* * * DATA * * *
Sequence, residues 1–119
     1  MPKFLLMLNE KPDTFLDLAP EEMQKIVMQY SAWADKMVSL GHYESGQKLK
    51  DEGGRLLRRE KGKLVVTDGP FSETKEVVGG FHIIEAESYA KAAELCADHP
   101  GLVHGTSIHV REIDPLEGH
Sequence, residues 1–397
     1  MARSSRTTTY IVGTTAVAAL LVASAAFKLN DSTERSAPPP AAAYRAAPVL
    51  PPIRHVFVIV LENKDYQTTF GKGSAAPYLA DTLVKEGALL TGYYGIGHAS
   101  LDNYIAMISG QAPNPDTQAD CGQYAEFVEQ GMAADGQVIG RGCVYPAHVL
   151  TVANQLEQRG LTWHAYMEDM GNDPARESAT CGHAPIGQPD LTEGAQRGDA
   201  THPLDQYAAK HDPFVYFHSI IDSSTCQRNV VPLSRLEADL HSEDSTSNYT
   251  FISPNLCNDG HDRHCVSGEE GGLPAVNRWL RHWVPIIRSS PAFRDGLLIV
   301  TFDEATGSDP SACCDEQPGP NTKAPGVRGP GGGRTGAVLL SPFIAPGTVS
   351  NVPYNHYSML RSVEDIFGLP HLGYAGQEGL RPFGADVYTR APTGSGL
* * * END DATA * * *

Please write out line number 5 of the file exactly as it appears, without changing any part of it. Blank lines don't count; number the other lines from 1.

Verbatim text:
Sequence, residues 1–397